Celebrating the expansion of comic book sensibilities in J.D. Dillard’s ‘Sleight.’
The last thing the internet (aka the world) needs right now is another hot take on the box office dominance of superhero movies in contemporary cinema culture. They’re here, don’t fear, get used to it. This past weekend, Marvel Studios had yet another massive success with the global triumph of Guardians of the Galaxy Vol. 2, and there is no reason to predict their downfall after a string of fifteen successful interconnected movies. And why would you!??! All grumps, please direct yourself to my previous celebration on all Marvel movies, including Howard The Duck.
It’s been seventeen years since Bryan Singer’s X-Men, and in that time we’ve seen nearly every variety of comic book character adapted to the big screen. From Spider-Man to Hellboy to Kick-Ass, the Hollywood desire to franchise has never been more rabid or lucrative. Sure, for every Avengers assemblage you get three or four Jonah Hex wannabes, and those pathetic attempts certainly leave a bitter taste in both fan and muggle alike. I’m not sure if anything can stop the Merry Marvel Marching Society, but enough dullard Teenage Mutant Ninja Turtle sequels could squander our desire for accepting others beyond the House of Ideas.
True Believers need not be afraid. While an endless stream of origin stories could certainly result in our eventual boredom/rejection of the genre, we have just witnessed a new stage in the evolution of superhero cinema that will undoubtedly sustain it for a few more decades. Released the weekend before Guardians of the Galaxy Vol. 2, J.D. Dillard’s Sleight quietly reveals its four-colored genesis over its succinct 89-minute runtime. Not as packed with Marvel bombast, Sleight basically presents the Spider-Man story from another point of view and excites its audience through repackaging 1960s heroics into a sincere morality quest.
Jacob Latimore plays Bo, a high school over-achiever with one of those big Peter Parker brains that placed him on a path to academic scholarship before his mother died, and he had to transition into the role of parent to his younger sister, Tina. With his life now consumed with feeding and housing his sister, Bo makes his money busking as a street magician and selling drugs for small time gangster, Dule Hill. Just a few minutes into the movie, it is revealed that Bo has mechanically enhanced his body to help aid him in levitation tricks, and obviously, this comes into further play when his drug dealing side-hustle turns horrific.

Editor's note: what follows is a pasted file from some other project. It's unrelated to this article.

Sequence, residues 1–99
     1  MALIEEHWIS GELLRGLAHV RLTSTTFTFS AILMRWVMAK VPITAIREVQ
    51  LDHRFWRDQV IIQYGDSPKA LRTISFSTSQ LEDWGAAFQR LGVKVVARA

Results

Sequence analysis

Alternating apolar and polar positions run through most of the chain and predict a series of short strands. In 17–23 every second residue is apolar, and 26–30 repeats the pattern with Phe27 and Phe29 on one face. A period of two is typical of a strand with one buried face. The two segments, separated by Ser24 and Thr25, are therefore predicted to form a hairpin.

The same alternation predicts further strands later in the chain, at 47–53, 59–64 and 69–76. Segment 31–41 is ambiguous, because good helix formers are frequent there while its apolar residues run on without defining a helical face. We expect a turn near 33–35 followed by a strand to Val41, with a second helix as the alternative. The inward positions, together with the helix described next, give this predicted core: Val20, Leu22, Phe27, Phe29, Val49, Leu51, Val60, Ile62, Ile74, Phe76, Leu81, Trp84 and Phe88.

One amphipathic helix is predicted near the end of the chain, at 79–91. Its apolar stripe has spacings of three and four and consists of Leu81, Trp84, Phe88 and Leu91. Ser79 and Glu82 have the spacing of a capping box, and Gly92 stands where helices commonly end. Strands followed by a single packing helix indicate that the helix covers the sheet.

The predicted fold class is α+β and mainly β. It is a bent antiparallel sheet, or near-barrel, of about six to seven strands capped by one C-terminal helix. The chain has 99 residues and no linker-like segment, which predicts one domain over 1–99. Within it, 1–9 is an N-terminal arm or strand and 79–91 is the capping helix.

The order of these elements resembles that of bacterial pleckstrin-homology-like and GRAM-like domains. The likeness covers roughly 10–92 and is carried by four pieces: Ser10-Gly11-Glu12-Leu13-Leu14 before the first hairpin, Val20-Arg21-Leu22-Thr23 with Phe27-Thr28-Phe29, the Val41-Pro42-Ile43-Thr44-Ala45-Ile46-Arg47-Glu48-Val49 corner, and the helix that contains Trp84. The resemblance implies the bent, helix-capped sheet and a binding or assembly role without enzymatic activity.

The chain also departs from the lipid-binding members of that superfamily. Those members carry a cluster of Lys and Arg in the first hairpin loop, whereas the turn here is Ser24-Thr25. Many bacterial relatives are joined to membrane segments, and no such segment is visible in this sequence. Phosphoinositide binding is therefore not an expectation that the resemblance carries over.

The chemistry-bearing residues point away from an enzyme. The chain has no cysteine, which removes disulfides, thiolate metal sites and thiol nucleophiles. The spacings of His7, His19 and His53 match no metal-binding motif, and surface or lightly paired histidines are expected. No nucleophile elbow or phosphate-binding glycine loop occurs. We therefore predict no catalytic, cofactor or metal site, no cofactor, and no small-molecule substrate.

Like the very best Marvel movies, Sleight knows that its genre elements are not nearly as interesting as the scenes rooted in character. Our anticipation for the inevitable violent clash is only strengthened by scenes of Bo and Tina reflecting on the loss of their mother, or Bo and his neighbor, Sasheer Zamata, debating the ethical quandaries of dealing. We don’t love Peter Parker because he’s great at smashing The Vulture in his big, dumb head. We love Peter Parker because he loves, and is loved by Aunt May. The Vulture punching is certainly an essential element, but truly secondary to the familial love.
With a production budget of just 250,000 thousand dollars, the real wizardry of Sleight is just how J.D. Dillard crafted a saga worthy of the MCU. The one-time receptionist for Bad Robot did not have the budget to utilize heaps of CGI; instead, Dillard went old school with a thin strand of invisible string to pull off the levitating ring gag. Such ingenuity caught the attention of Jason Blum during 2016’s Sundance, and in partnership with WWE Studios, the two micro-budget production houses brought Sleight to 565 theaters in April.
The film did not crack the Top 10 opening weekend (slot 14 actually), but with a per screen average of $3,012, Dillard has found himself in that unique spot once occupied by Josh Trank and Jon Watts. Here you go indie darling, how do a few hundred million dollars sound to you? 20th Century Fox has tapped Dillard, and his writing partner Alex Theurer, for the second remake of The Fly. While I’m personally not sold on this studio tactic, I still fear the Fantastic Fours and Jurassic Worlds of our future, I am 100 percent on board for anything J.D. Dillard.
Sleight shows where a generation of filmmakers raised on comic books and comic book movies could lead. Similar to how J.J. Abrams revels as a child of Spielberg, Dillard stands on the shoulders of Stan Lee, Jack Kirby, and their MCU, and proudly proclaims himself as their decedent. Nothing seems to be stopping the charge to Infinity War, but J.D. Dillard illustrates an alternative in tone for those looking for more than Easter eggs.